How its employee ranking system has destroyed Microsoft

Posted on August 25, 2013

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Source: Will Oremus, http://www.slate.com

There were many reasons for the decline of Microsoft under Steve Ballmer, including, as I wrote this morning, its lack of focus and its habit of chasing trends rather than creating them. But one that’s not obvious to outsiders was the company’s employee evaluation system, known as “stack ranking.” The system—and its poisonous effects on Microsoft’s corporate culture—was best explained in an outstanding Vanity Fair feature by Kurt Eichenwald last year.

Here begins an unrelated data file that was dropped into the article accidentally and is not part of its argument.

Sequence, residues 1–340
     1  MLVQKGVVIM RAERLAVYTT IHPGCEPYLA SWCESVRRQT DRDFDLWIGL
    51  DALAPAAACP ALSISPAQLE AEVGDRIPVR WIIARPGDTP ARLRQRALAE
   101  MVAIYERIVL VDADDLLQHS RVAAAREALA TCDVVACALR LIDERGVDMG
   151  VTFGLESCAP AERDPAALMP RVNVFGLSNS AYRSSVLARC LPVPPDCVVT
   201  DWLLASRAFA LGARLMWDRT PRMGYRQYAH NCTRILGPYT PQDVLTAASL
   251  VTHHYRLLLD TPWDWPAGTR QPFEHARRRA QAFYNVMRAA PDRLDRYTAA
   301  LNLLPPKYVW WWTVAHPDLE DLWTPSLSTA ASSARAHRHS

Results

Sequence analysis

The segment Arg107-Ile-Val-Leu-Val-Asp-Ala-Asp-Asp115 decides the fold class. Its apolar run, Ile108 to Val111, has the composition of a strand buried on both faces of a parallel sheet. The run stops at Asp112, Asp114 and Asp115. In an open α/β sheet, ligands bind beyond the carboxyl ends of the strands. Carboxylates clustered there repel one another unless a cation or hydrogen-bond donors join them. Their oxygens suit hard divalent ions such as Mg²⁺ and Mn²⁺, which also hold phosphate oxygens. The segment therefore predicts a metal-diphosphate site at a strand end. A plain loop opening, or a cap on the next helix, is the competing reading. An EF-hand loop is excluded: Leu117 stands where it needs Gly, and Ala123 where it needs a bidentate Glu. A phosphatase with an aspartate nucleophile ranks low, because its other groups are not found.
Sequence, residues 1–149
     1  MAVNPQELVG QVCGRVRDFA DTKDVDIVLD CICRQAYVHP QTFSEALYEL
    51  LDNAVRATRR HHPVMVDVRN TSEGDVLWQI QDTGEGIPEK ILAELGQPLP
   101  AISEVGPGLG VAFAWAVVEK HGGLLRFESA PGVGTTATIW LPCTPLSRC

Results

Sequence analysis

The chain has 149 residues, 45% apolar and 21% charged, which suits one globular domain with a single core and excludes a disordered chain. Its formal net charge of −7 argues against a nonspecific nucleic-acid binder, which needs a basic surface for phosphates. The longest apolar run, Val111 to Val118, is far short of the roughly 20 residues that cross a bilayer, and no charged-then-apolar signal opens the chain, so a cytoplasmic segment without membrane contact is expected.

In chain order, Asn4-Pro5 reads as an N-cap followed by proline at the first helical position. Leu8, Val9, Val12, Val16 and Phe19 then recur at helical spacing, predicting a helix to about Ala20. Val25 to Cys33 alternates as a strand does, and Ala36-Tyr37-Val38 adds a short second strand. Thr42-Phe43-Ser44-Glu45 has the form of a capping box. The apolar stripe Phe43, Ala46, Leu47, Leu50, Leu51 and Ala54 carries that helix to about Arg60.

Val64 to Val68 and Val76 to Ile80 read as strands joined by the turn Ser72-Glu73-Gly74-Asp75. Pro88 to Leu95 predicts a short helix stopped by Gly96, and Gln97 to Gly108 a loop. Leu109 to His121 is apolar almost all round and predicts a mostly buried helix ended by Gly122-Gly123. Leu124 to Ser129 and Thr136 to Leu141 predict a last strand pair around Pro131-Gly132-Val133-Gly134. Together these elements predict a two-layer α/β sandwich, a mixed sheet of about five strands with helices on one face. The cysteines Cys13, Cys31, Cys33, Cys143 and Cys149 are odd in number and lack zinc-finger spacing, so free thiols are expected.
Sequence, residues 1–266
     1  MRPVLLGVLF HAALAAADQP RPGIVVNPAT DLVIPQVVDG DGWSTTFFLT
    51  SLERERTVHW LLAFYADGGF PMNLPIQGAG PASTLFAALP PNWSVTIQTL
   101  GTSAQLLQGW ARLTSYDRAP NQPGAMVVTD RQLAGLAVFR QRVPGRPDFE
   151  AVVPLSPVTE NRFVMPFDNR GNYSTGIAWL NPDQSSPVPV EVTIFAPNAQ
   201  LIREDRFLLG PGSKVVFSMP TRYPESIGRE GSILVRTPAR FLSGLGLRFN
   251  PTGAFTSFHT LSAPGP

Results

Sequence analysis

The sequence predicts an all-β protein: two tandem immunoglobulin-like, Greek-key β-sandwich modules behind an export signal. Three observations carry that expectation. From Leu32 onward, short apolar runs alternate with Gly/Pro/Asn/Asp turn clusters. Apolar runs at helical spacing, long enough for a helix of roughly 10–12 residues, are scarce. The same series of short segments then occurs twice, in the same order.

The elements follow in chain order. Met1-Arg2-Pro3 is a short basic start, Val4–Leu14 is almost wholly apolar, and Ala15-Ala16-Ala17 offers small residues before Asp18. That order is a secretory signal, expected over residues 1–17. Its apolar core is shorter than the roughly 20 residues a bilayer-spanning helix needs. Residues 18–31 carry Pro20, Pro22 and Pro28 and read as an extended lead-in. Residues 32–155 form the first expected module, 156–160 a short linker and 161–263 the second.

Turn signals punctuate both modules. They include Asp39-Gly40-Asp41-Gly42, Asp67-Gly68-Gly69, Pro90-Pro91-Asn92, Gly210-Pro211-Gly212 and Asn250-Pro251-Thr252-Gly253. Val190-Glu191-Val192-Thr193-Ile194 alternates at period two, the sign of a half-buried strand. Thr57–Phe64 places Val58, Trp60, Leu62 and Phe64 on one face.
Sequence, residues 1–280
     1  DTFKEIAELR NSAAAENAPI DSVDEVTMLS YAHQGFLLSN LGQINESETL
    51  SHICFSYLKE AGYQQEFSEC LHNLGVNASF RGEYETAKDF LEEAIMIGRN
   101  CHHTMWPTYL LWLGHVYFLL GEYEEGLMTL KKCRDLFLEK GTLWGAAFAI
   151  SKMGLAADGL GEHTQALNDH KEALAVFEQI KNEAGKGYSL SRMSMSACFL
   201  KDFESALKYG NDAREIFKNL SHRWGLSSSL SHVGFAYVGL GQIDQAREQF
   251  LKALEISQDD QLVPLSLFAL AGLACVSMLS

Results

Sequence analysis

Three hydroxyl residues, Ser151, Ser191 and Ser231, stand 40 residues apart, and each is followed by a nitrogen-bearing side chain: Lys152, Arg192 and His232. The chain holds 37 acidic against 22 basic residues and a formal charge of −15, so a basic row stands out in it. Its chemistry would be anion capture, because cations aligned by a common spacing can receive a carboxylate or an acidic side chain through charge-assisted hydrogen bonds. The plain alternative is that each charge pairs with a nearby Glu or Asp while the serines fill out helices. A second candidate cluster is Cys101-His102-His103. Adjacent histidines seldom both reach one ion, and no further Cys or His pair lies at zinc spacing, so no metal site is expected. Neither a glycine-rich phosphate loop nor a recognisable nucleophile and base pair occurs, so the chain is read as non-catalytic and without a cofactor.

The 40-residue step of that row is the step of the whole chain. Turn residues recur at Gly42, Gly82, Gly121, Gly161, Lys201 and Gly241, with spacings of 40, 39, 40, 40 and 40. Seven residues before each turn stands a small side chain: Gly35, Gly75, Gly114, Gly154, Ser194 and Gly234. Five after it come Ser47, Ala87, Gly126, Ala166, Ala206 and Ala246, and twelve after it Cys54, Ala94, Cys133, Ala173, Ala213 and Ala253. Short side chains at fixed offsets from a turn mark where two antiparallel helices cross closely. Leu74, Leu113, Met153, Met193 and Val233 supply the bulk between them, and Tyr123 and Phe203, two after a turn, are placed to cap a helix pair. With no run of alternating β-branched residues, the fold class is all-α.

Anyone interested in Microsoft or business administration should read the full piece. But here’s an excerpt from the part where Eichenwald explains stack ranking:

At the center of the cultural problems was a management system called “stack ranking.” Every current and former Microsoft employee I interviewed—every one—cited stack ranking as the most destructive process inside of Microsoft, something that drove out untold numbers of employees. The system—also referred to as “the performance model,” “the bell curve,” or just “the employee review”—has, with certain variations over the years, worked like this: every unit was forced to declare a certain percentage of employees as top performers, then good performers, then average, then below average, then poor. …

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